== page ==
Facebook Follow us on Facebook

Donating Materials

The mission of the Archives and Records Management Department at the Georgia Institute of Technology is to collect and preserve the history of the campus, faculty, alumni, and students for future generations. The Archives collects both official university departmental or organization records and personal or family manuscript papers.

What Can the Georgia Tech Archives Offer a Georgia Tech Organization?

The Georgia Tech Archives employs archivists trained in the care and preservation of historical materials. The Archives offers a safe, controlled storage and access to the materials they collect and provides a permanent record of your institution or department for future staff, faculty, and students.

Personal Papers:

The lives of the many people personally connected to Georgia Tech as alumni, employees, researchers, co-workers, are just as important to the history of Tech as the records of a department or organization. If your personal or family papers are deemed appropriate for the Georgia Tech Archives' collections, and you agree to donate those papers, the Archives can provide research access to the contents of the papers, both to you and to the scholarly public. In future years, researchers - including students, professors, genealogists, journalists and many others may thus find your papers both interesting and of value to their work.

What Documents Should Be Placed in the Georgia Tech Archives?

Items donated to the Archives should not be those continuously used in the daily operation of the department or in your daily business. It is important in archival work to preserve the original organization of records so it is always a good idea to have the archivist visit the records you wish to donate prior to boxing them and sending them to the archives. The archivist will talk with you about the papers and which the archives wishes to collect.

Some of the types of items in organizational records the archives may be interested in are:

  • Architectural records
  • Articles of incorporation, bylaws, charters, constitutions, etc.
  • Audio and visual records
  • Clippings
  • Correspondence of officers
  • Directories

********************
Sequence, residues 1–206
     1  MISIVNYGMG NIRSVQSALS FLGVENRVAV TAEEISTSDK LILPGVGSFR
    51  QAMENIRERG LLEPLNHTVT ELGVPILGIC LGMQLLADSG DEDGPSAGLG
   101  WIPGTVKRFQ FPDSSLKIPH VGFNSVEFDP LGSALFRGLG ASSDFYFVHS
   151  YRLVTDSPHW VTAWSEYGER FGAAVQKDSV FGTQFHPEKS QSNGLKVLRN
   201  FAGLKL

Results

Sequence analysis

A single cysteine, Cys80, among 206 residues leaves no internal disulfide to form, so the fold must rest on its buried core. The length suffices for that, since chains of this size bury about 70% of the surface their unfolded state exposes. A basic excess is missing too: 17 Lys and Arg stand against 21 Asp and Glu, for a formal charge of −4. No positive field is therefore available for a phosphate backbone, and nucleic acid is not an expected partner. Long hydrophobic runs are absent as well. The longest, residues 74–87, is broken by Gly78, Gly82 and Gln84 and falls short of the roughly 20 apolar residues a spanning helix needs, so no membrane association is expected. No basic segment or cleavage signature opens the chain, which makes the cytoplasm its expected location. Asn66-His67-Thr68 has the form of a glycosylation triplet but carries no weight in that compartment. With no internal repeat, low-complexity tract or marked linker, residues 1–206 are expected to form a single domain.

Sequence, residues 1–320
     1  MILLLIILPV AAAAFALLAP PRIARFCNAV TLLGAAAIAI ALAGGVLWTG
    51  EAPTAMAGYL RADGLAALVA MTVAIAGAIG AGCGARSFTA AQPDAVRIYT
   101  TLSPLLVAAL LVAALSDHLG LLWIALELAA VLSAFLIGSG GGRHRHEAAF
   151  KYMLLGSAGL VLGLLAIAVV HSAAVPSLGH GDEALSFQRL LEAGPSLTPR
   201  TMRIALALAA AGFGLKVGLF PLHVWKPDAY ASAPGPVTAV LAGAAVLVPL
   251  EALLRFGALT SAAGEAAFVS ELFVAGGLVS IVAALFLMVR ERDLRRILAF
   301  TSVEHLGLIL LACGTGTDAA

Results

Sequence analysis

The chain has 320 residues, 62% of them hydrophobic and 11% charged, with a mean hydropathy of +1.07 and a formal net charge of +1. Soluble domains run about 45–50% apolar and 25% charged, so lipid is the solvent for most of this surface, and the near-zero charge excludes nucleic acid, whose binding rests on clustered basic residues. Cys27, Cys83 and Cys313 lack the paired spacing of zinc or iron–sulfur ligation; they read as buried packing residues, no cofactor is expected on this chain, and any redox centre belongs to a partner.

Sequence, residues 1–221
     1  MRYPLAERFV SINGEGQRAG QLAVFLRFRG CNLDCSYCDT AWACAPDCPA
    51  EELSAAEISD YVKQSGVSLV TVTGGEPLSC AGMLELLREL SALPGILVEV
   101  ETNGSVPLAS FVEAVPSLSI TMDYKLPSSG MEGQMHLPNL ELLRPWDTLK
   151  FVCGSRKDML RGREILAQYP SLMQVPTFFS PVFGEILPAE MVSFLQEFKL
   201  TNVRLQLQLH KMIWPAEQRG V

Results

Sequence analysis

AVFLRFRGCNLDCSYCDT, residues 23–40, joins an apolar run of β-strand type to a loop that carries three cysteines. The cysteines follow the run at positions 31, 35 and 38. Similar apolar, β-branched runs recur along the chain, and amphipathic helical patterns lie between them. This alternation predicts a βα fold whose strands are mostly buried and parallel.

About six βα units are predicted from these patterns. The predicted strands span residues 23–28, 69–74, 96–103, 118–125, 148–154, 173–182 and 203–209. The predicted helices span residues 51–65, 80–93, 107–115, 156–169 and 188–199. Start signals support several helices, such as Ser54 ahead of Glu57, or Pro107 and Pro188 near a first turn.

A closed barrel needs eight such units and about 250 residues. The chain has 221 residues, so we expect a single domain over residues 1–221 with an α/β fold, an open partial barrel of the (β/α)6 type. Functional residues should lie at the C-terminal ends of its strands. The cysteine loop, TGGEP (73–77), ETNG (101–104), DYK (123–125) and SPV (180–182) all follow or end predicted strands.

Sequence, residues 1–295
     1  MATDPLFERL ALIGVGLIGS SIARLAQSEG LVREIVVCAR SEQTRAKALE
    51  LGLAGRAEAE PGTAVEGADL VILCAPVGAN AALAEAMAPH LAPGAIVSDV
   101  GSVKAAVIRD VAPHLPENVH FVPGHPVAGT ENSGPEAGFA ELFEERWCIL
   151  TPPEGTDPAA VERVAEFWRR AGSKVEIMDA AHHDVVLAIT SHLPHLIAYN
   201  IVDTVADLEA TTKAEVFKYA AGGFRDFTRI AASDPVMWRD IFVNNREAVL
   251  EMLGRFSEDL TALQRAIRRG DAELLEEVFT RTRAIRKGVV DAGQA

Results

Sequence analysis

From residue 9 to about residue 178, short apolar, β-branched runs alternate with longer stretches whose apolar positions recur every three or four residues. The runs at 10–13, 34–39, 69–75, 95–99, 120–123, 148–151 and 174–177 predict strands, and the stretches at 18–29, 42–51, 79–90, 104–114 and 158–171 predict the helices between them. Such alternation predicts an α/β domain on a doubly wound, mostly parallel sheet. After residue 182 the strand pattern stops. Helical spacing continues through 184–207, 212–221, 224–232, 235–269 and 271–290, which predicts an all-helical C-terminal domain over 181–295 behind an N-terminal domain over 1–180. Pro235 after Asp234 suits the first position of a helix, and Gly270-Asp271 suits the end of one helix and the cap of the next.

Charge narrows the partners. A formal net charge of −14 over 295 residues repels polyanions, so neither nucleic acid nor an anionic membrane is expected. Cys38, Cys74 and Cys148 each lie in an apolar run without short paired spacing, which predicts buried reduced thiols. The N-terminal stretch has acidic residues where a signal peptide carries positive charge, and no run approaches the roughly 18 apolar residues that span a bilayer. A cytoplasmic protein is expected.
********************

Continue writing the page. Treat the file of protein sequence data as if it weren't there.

• Financial records
  • Handbooks
  • Legal documents
  • Minutes of meetings
  • Membership lists
  • Organizational charts
  • Photographs and scrapbooks
  • Printed Materials (newsletter, brochures, fliers, etc.)
  • Press releases
  • Reports (annual, committee, etc.)
  • Speeches
  • Subject files

Among the types of materials in personal and family papers of interest to researchers are:

  • Letters
  • Memoirs and reminiscences
  • Diaries
  • Scrapbooks and photographs
  • Professional papers
  • Genealogical information
  • Speeches and lectures
  • Subject files
  • Legal documents
  • Films, videos, and audio tapes

Also of interest are files relating to the individual's civic, business, religious, political, and social activities.

In some cases, the materials you wish to donate may be better suited for Georgia Tech's digital repository, SMARTech. In that instance, the archivist will make a recommendation and put you in touch with the appropriate person to discuss adding the records to SMARTech.

How to Donate:

When donating a collection, it's best to contact the Archives. The archivist will meet with you and go over how to prepare a collection for donation. Access to a collection will be determined by discussion between the archivists and the donor.

 Collection Development Policy

 Deed of Gift Form

Contact the Archives:

If your organization is interested in donating collections to the Archives, please contact:

Jody Thompson
Department Head
(404) 894-9626
Email

A portion of this content was borrowed from SAA's "Guide to Donating Your Personal or Family Papers to a Repository" and "Guide to Donating Your Organizational Records to A Repository," © 1994 and 1995 Society of American Archivists.